500 miles Privacy Statement
500 miles needs to keep certain information about you to carry out its day to day operations, to meet its objectives and to comply with legal obligations. The organisation is committed to ensuring any personal data will be dealt with in line with the Data Protection Act (DPA).
We take security and use of your data very seriously. We never sell or share our data with any third parties. 500 miles will ensure that personal data will:
- Be obtained fairly and lawfully and shall not be processed unless certain conditions are met
- Be obtained for a specific and lawful purpose
- Be adequate, relevant but not excessive
- Be accurate and kept up to date
- Not be held longer than necessary
- Be processed in accordance with the rights of data subjects
- Be subject to appropriate security measures
- Not to be transferred outside the European Economic Area (EEA)
The definition of ‘Processing’ is obtaining, using, holding, amending, disclosing, destroying and deleting personal data. This includes some paper based personal data as well as that kept on computer.
500 miles seeks to abide by the Personal Data Guardianship Code in relation to all the personal data it processes. The five key principles of the Code are:
- Accountability: those handling personal data followpubliciseddata principles to help gain public trust and safeguard personal data.
- Visibility: Data subjects should have access to the information about themselves that an organisation holds. This includes the right to have incorrect personal data corrected and to know who has had access to this data.
- Consent: The collection and use of personal data must be fair and lawful and in accordance with the DPA’s eight data protection principles. Personal data should only be used for the purposes agreed by the data subject. If personal data is to be shared with a third party or used for another purpose, the data subject’s consent should be explicitly obtained.
- Access: Everyone should have the right to know the roles and groups of people within an organisation who have access to their personal data and who has used this data.
- Stewardship: Those collecting personal data have a duty of care to protect this data throughout the data life span.
To meet its responsibilities, 500 miles will ensure:
- Any personal data is collected in a fair and lawful way;
- An explanation is given as to why it is needed at the start;
- That only the minimum amount of information needed is collected and used;
- The information used is up to date and accurate;
- There is a positive opt in or we have good reason to believe people whose data we keep have a legitimate interest in 500 miles and provide easy ability for people to unsubscribe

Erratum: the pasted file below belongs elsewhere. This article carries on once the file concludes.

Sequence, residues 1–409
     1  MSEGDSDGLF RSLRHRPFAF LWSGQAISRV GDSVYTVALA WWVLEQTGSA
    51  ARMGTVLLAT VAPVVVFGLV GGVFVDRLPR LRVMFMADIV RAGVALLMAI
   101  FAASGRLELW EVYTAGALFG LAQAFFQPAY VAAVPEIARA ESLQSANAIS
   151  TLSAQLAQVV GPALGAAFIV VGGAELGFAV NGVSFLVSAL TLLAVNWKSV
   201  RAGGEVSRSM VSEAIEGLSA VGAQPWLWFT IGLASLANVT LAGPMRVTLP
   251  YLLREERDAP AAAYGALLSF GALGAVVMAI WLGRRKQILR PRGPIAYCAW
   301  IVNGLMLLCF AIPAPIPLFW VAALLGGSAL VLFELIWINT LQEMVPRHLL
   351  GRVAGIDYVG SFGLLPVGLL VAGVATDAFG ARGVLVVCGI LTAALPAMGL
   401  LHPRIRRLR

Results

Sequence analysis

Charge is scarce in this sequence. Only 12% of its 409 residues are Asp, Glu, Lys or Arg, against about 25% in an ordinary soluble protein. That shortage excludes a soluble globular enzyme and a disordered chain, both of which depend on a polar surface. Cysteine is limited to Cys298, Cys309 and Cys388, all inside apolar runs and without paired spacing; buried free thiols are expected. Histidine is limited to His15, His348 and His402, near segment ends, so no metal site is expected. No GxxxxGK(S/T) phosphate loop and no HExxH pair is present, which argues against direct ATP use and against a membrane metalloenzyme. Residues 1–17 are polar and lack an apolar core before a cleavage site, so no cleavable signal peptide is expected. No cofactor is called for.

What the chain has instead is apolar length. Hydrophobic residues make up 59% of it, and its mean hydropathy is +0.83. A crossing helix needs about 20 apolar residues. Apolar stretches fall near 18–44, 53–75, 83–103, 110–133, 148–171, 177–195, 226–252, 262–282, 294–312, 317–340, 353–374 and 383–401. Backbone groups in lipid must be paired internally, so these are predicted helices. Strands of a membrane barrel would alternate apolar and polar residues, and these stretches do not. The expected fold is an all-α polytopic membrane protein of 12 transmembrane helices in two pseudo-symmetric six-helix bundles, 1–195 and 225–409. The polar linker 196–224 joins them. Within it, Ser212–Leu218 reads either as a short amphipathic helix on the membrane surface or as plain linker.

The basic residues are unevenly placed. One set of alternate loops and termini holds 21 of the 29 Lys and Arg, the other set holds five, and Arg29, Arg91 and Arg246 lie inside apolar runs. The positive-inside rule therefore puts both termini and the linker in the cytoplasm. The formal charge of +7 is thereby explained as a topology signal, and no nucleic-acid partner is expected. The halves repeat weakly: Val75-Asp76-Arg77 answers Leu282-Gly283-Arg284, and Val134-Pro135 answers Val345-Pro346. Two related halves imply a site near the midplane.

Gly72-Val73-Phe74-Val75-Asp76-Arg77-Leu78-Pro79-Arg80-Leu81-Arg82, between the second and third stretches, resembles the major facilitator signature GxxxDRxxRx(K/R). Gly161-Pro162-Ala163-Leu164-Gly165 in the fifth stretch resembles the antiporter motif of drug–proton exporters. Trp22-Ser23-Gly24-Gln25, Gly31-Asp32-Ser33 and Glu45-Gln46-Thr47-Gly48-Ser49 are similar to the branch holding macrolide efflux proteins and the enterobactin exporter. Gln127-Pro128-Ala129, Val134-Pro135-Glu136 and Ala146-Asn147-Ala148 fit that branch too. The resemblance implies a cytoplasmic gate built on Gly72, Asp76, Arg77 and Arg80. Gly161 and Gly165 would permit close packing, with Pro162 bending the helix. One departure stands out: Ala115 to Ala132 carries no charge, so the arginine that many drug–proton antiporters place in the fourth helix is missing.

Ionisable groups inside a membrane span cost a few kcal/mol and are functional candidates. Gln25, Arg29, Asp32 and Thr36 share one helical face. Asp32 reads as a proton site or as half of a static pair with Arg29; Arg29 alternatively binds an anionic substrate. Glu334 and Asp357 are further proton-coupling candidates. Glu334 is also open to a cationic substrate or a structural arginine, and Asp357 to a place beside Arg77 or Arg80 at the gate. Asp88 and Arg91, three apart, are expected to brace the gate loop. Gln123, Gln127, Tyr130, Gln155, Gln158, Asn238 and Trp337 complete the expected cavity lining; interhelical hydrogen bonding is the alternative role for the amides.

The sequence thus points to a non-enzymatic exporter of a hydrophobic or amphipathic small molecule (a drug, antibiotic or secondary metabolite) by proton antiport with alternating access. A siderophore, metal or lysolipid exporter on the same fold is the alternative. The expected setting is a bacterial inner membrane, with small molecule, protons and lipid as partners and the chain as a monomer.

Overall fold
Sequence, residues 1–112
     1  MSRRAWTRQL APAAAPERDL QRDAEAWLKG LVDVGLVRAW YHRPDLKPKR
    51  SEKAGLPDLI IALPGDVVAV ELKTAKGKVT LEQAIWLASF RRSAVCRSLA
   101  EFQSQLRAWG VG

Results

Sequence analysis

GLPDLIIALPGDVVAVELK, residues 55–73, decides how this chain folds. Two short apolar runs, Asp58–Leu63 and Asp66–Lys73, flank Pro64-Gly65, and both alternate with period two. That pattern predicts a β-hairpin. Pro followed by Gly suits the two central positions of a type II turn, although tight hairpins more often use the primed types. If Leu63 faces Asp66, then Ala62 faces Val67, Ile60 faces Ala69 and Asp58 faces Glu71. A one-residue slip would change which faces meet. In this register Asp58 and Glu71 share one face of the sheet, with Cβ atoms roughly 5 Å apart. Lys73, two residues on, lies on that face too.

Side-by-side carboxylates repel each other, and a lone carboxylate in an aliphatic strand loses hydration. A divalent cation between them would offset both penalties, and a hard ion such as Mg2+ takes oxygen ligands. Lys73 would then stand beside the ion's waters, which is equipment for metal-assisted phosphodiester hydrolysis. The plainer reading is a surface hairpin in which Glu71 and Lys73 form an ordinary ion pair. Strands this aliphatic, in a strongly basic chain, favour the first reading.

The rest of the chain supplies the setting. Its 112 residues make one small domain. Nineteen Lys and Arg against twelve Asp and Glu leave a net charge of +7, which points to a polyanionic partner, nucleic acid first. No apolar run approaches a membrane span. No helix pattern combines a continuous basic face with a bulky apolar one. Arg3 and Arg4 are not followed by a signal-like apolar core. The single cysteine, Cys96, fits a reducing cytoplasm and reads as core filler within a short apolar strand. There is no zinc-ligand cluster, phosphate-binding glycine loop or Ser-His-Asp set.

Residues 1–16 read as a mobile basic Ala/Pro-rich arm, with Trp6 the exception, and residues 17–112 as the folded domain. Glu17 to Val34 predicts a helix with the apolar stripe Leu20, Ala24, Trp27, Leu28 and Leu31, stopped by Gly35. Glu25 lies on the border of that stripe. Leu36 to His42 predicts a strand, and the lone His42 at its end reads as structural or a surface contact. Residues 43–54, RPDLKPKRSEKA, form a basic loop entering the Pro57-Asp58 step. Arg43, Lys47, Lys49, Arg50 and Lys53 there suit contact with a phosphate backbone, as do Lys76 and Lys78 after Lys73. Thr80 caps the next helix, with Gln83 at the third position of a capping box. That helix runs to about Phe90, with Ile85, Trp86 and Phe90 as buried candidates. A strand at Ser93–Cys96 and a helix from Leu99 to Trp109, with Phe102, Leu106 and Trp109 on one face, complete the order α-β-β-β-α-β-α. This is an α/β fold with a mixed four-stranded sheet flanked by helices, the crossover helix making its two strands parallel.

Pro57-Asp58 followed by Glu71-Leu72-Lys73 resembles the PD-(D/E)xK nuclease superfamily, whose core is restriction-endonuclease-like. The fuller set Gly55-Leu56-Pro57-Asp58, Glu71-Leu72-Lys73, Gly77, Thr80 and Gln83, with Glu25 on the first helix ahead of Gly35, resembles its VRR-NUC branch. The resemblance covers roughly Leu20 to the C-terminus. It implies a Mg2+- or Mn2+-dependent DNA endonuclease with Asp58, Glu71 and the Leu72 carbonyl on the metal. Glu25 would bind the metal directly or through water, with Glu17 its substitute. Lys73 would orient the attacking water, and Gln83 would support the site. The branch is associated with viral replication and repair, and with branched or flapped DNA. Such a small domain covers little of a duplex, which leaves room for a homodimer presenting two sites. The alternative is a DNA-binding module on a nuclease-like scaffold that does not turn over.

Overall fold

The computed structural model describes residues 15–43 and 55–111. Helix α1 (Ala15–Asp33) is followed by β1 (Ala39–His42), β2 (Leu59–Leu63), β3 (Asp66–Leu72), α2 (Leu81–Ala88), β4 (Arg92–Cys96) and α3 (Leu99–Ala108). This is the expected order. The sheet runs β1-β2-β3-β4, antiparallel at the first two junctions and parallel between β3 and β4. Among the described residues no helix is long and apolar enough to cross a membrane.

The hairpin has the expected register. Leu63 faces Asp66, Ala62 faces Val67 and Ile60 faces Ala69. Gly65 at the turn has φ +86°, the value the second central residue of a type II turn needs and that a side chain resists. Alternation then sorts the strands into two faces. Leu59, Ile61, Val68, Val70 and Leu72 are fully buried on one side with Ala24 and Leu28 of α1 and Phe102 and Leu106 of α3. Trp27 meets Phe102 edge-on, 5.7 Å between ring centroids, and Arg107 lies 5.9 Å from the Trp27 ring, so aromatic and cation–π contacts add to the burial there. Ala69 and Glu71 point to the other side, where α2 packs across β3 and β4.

- It is kept safely;
- The rights people have in relation to their personal data can be exercised;
- Everyone managing and handling personal information is trained to do so;
- Anyone wanting to make enquiries about handling personal information, whether a Trustee or volunteer knows what to do if asked;
- Any disclosure of personal data will be in line with our procedures;
- Queries about handling personal information will be dealt with swiftly and politely
Before personal information is collected, 500 miles will:
- Consider the details that are necessary for keeping people informed of our work, thanking them for our support and inviting them to get involved in activities (name, address, email and phone);
- Consider the legal period of time for holding such data until we ask again for permission;
- Inform people why the information is being gathered, what the information will be used for and confirm that their personal data is never given to a third party
500 miles will take the following measures to ensure that personal information kept is accurate:
- Ask people to check their details
- Ask people to let us know if their details change
- On any non-specific communication, check that people want to continue to receive information from us
Anyone whose personal information we process has the right to know:
- What information we hold and process on them
- How to gain access to this information
- How to keep it up to date
- What we are doing to comply with the DPA.
They also have the right to prevent processing of their personal data in some circumstances and the right to correct, rectify, block or erase information regarded as wrong.
Individuals have a right under the DPA to access personal data being kept about them on computer and certain files. Any person wishing to exercise this right should apply in writing to the Data Controller – Olivia Giles, Executive Officer, 3a Abbotsford Crescent, Edinburgh. The following information will be required before access is granted:
- Full name and contact details of the person making the request
- Their relationship with the organisation
- Any other relevant information e.g. timescales involved